Introduction

 The law of sedition, encapsulated in Section 124A of the Indian Penal Code, 1860 (hereinafter referred to as ‘IPC’) criminalizes any act which excites or attempts to excite disaffection towards the government. Explanations 2 and 3 provided under this provision indicate what actions do not constitute seditious intent and would not attract penalty under this provision. While the scope of this provision was narrowed down by the Supreme Court in 1962, with incitement of violence being made a necessary condition to be charged under this law; the law is still misused by State Mechanisms. This misuse is guided by vested interests, and without being checked, shall pose a grave threat to the democracy of India.

This article gives an overview of how the State Mechanisms in India are using this law to create fear and quell dissent, and provides an analysis of specific instances of the same. It talks about the overlooking of the exceptions to the concerned penal provision and draws a comparison between how the application of the law in the past and the present have the same motives. Finally, certain novel changes even beyond the sphere of legislative reform are proposed, which must be brought forth to resolve the problem of misuse of the law.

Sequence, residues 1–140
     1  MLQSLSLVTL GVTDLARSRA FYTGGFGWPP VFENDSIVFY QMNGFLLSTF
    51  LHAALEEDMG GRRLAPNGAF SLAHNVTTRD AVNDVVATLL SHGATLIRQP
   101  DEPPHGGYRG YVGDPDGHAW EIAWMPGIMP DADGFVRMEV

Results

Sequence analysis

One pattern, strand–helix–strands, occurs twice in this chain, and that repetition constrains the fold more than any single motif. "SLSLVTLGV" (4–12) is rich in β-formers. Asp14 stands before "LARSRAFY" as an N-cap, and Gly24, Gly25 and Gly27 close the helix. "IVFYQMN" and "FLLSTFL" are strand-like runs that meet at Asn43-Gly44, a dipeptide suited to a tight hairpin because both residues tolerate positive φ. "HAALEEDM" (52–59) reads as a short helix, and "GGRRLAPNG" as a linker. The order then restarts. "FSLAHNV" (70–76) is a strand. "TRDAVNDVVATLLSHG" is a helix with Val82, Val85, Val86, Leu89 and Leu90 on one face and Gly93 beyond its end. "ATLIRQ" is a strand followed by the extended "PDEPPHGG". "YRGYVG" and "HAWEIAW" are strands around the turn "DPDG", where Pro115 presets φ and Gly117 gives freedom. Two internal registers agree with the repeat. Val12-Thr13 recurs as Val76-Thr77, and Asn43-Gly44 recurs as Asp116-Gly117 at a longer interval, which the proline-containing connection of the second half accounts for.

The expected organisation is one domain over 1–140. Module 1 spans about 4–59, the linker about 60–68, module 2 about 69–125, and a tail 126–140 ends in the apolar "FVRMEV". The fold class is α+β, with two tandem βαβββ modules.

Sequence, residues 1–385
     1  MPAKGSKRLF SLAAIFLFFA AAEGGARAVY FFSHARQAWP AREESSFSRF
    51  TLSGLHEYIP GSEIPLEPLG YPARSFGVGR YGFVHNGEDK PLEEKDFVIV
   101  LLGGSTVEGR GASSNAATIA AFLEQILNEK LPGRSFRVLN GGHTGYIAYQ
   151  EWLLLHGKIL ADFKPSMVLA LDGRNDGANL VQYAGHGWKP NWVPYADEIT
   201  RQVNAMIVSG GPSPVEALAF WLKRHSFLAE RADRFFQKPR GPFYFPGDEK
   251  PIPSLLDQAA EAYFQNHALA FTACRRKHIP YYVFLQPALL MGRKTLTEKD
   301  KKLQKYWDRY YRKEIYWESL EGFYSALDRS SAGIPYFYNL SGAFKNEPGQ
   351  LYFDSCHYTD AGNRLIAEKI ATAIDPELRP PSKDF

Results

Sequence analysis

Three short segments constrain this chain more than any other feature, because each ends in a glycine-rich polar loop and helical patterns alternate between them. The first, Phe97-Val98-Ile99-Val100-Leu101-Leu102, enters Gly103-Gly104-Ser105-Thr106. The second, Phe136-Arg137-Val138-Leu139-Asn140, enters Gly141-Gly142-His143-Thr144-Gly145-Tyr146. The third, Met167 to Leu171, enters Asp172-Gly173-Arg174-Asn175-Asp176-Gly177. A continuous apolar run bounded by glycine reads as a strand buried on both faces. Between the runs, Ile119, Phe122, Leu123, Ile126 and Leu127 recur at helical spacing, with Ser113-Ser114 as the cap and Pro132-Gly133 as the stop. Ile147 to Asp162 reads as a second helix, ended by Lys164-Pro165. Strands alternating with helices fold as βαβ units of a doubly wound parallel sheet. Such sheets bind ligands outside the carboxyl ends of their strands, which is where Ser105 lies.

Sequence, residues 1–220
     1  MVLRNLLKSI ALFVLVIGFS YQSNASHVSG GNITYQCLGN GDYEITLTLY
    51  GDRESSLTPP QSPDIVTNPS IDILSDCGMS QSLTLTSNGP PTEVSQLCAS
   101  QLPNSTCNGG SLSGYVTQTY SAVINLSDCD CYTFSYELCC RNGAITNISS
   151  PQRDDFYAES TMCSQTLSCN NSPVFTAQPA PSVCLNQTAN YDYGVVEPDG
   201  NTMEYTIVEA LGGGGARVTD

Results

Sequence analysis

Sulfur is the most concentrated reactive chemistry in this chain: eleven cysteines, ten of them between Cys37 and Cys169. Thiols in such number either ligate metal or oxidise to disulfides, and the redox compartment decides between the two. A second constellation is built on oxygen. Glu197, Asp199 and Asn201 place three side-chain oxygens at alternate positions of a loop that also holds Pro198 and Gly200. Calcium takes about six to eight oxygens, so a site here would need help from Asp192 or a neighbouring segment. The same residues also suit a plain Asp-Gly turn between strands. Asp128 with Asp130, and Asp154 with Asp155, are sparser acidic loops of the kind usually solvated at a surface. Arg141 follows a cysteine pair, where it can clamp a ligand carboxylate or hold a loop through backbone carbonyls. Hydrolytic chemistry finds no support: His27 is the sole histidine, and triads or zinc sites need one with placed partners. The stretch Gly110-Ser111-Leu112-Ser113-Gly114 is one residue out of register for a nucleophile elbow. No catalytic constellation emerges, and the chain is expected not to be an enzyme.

Fear-Mongering Tactics Employed in Recent Times

With tolerance for dissent being at an all-time low, the misuse of the sedition law by State Mechanisms is on a rise of at least 28% per year since 2015.  These appalling numbers give us a scathing reality check of how our freedom of speech and expression and right to dissent are being restricted increasingly over the years. In the recent past sedition charges have been filed against people protesting peacefully, creating a toolkit for a peaceful protest, not standing up for the national anthem in a cinema, liking a Facebook post, or even praising India’s rival country Pakistan. Prominent instances of such misuse in the recent past may highlight how this law is being abused to silence and muffle any dissent that may come the way of the government.

In an apparent disregard for due diligence and the letter of the law, a sedition charge was filed by the police in 2019 against some of the most prominent Indian artists, writers and filmmakers. Their ‘crime’ was simply signing an open letter demanding the Prime Minister take adequate action to stop mob lynching against minority communities. Having no legal backing, this case was closed soon thereafter. This simply demonstrates and highlights that the agenda behind the filing of this case was nothing but silencing the voices of dissent, instilling fear and creating chaos.

Multiple facets of the country were brought together during the protests against the government-driven Citizenship Amendment Act (CAA) and the National Register of Citizens. Invocation of sedition charges against those protesting crossed 194 cases in 2019, exceeding the total cases filed in the three years prior. For instance, the headmistress of a school and the mother of a student were also charged for sedition after staging a play that disagreed with the CAA. The school management, along with the CEO of the group running the school, was also charged under this draconian law. Additionally, not all of the FIRs book named individuals but multiple are booked against unnamed persons. This forms a tactic by the police to implicate individuals at a later date by putting their names on backdated FIRs.